Important Insurance Facts Homeowners and Renters Should Know

graphic of a one-family house that speaks to the need for a home mortgage
Home is where the heart is.

My Let’s Talk About – Insurance series will examine important insurance facts homeowners and renters should know.

I firmly believe in producing insurance plans based on client needs, not the rantings of insurance commercials featuring well-known celebrities. (See:

No insurance policy will cover every possibility of loss. A well-designed insurance program, however, provides you with a solid protective foundation against many insured causes of loss.

I design insurance programs that address their property insurance coverage needs based on whether they are essential, supplemental, or optional.

Essential coverages are coverages you must purchase today.

Supplemental coverages, while of high importance, can wait a while.

Optional coverages address losses you may never face based on your lifestyle, possessions, etc. Something to brag about at the neighborhood barbecue.

Just for today, we’ll unearth some important insurance facts about essential coverages.

a photograph of nyc condos. co-ops and rental buildings
Co-ops, condos, and rentals, oh my!

Important Insurance Facts Homeowners and Renters Should Know:

Replacement Cost Coverage for your home or apartment

Make an appointment with your current insurance agent or broker for a comprehensive insurance review. The primary focus of this review will be your property’s replacement cost calculation. Simply put, this is the amount of money needed today to fully repair your home or apartment in case of a covered cause of loss.

Flood Insurance

Losses caused by flood waters from an outside water source are not covered by your typical one-to-four family, renters, cooperative, or condominium policy. (See
The only way to guarantee flood coverage is a stand-alone flood insurance policy.

Water Backup and Sump Discharge Or Overflow policy endorsement

If this endorsement is not added to your policy, you’ll lack coverage for damage caused by sewer backups or sump pump failures.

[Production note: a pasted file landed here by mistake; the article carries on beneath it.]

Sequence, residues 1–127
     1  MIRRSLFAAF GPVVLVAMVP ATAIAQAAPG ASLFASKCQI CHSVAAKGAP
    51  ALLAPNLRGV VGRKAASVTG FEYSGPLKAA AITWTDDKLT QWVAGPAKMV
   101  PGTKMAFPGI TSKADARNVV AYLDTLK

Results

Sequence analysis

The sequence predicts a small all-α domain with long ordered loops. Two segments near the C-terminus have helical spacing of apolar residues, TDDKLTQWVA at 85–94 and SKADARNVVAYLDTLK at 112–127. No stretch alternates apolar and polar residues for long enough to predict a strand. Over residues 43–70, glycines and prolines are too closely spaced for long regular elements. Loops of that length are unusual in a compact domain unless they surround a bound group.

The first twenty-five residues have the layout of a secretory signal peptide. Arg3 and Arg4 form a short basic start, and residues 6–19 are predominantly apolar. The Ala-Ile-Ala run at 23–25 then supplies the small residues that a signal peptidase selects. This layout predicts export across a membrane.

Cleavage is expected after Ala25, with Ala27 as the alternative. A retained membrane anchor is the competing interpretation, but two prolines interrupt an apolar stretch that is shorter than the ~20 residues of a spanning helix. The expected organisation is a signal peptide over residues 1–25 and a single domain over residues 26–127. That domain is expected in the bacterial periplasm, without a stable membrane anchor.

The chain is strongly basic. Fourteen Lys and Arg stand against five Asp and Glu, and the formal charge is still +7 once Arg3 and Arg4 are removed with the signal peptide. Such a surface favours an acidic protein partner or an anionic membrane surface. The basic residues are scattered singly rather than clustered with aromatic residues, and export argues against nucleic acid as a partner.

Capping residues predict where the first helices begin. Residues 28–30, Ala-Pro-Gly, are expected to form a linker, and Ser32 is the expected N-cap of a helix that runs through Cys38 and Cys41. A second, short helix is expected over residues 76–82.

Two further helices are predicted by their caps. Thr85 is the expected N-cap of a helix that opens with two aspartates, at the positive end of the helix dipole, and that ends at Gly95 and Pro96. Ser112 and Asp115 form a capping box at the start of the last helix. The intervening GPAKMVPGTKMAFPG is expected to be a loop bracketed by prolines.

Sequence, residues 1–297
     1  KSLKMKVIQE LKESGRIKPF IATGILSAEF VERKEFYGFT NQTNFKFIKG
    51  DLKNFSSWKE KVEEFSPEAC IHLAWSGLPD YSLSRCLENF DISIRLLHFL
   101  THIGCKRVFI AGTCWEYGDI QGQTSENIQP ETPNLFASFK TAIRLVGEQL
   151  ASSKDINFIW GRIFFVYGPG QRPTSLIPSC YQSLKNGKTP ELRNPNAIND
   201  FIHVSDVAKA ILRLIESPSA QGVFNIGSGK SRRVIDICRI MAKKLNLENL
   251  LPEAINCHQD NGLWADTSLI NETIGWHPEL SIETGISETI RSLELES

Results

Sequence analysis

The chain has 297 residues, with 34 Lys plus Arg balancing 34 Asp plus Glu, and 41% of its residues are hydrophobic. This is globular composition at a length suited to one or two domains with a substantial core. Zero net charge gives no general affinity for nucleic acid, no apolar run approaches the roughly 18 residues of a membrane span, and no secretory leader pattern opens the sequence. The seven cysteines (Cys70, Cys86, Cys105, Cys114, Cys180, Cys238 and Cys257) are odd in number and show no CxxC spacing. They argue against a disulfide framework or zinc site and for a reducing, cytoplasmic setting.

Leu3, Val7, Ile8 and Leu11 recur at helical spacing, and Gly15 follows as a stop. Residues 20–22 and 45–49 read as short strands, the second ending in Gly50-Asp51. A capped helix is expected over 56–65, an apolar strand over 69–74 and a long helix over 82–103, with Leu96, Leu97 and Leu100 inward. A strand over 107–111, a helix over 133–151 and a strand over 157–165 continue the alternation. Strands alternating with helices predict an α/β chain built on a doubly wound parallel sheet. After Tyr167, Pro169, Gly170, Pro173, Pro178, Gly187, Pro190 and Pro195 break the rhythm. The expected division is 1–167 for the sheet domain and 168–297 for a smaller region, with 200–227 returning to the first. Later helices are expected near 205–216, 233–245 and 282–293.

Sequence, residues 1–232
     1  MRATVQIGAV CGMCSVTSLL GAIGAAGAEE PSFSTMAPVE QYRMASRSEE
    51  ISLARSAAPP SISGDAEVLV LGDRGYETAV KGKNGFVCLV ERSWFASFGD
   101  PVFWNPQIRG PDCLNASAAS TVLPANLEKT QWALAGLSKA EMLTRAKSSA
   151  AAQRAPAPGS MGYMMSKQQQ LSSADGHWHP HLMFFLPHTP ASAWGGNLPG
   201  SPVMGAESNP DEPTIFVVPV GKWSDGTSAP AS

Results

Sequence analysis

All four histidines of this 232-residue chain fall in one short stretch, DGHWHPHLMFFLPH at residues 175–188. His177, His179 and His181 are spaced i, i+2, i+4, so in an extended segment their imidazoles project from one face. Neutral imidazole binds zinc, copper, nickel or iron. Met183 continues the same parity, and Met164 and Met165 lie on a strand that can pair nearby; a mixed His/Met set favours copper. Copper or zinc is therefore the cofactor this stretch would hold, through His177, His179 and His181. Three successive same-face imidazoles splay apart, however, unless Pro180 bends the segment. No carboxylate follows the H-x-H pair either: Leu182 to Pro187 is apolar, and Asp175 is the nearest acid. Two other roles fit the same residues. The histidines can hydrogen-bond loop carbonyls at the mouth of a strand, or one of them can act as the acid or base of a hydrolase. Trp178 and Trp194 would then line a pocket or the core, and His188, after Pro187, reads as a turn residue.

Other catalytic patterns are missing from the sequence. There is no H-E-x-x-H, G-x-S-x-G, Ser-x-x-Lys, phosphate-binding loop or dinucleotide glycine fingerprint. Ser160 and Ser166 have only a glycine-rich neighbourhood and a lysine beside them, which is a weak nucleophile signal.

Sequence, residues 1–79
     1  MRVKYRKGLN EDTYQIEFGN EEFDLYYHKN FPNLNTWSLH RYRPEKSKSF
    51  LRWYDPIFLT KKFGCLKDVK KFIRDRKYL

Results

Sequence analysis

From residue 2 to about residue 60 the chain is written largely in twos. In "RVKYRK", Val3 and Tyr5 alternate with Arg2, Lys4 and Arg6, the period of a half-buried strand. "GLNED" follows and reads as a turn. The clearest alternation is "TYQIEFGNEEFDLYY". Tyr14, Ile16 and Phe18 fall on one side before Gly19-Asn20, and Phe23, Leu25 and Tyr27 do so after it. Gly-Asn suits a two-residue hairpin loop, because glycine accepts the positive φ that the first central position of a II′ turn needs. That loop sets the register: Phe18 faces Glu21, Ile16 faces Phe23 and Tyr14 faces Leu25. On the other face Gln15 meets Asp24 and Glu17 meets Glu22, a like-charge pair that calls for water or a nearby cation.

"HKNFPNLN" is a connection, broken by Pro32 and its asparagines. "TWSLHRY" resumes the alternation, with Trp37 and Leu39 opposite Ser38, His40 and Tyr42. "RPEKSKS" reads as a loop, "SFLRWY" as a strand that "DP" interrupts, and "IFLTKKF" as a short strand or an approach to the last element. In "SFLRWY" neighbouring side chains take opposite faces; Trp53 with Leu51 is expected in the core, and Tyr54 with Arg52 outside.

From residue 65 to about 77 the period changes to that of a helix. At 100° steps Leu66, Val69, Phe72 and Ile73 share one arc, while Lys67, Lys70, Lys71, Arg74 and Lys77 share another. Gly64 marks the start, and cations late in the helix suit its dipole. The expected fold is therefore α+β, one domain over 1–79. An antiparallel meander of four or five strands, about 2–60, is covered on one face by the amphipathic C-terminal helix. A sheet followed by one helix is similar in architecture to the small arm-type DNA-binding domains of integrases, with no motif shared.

Loss Assessment endorsement

This endorsement protects against uninsured losses to common areas assessed to apartment owners and homeowners in some homeowners associations.

Personal Umbrella Liability Policy

While many companies offer up to $1,000,000 in liability coverage, in today’s litigious society, that may not be enough to protect you from lawsuits. This policy also provides additional protection while operating the family car, boat, Jet Ski, etc.

Valuable Items

Your base policy limits coverage for jewelry, cameras, fine china, artwork, furs, and other unique valuables, which is limited in a basic policy.
Appraise and insure these items separately to guarantee full protection.

Your Home Inventory

Stop taking pictures of your meals. Instead, take pictures of your possessions, down to the last sweat sock.

Next steps:

Finally, call your insurance representative to schedule an annual review. This will ensure that your insurance program always includes at least the Essential Coverages.

You can always send your personal coverage questions by email to [email protected].

Meet the author:
About the author

Eustace L. Greaves, Jr., LUTCF, is an NYS-licensed Independent Insurance Agent and Broker with 42 years of experience, 29 of which as the owner of Bridge Insurance Agency and Greaves Financial Services.


Like to speak with Eustace?

Eustace wants to assist you with your home, life, flood, disability, renters, auto, cooperative, condominium, and wedding insurance needs. You can reach him at his mobile number,  718-489-2218, his office number, 718-783-2722, or by email at [email protected]. You can also visit his website,, and complete any available “Contact Us” forms.


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Let’s Set The Record Straight About – Customizing Your Insurance

Today’s clever insurance commercials are a necessary evil. They provide more information about bundling and saving and less about the coverages you, your family, and your business really need.

We can change that by simply asking the right questions.

Customizing Your Insurance